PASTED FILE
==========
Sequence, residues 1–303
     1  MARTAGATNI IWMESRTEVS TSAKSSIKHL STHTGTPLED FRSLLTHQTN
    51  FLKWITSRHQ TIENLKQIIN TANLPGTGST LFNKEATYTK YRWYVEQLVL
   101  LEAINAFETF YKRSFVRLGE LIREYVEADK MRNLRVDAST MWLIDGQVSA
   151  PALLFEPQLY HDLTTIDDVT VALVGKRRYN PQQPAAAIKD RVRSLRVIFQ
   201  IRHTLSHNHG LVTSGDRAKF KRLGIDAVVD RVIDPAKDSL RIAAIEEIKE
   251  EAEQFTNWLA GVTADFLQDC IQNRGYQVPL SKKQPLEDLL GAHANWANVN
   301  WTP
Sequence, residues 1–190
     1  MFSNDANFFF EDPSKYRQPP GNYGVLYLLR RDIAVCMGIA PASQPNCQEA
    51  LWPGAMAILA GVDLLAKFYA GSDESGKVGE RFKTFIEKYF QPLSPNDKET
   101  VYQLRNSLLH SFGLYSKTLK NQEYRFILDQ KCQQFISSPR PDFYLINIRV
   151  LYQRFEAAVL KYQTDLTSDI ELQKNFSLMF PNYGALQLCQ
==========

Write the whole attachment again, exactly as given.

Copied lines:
Sequence, residues 1–303
     1  MARTAGATNI IWMESRTEVS TSAKSSIKHL STHTGTPLED FRSLLTHQTN
    51  FLKWITSRHQ TIENLKQIIN TANLPGTGST LFNKEATYTK YRWYVEQLVL
   101  LEAINAFETF YKRSFVRLGE LIREYVEADK MRNLRVDAST MWLIDGQVSA
   151  PALLFEPQLY HDLTTIDDVT VALVGKRRYN PQQPAAAIKD RVRSLRVIFQ
   201  IRHTLSHNHG LVTSGDRAKF KRLGIDAVVD RVIDPAKDSL RIAAIEEIKE
   251  EAEQFTNWLA GVTADFLQDC IQNRGYQVPL SKKQPLEDLL GAHANWANVN
   301  WTP
Sequence, residues 1–190
     1  MFSNDANFFF EDPSKYRQPP GNYGVLYLLR RDIAVCMGIA PASQPNCQEA
    51  LWPGAMAILA GVDLLAKFYA GSDESGKVGE RFKTFIEKYF QPLSPNDKET
   101  VYQLRNSLLH SFGLYSKTLK NQEYRFILDQ KCQQFISSPR PDFYLINIRV
   151  LYQRFEAAVL KYQTDLTSDI ELQKNFSLMF PNYGALQLCQ